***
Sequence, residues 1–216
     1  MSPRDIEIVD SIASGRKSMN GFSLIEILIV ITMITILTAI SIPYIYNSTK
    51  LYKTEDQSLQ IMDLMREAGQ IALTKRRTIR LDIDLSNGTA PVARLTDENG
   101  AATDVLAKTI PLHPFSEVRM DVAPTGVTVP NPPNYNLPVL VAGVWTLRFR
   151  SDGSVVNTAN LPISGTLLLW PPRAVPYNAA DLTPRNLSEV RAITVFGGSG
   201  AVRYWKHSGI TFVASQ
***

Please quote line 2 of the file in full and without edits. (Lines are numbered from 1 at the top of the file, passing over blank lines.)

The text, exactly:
     1  MSPRDIEIVD SIASGRKSMN GFSLIEILIV ITMITILTAI SIPYIYNSTK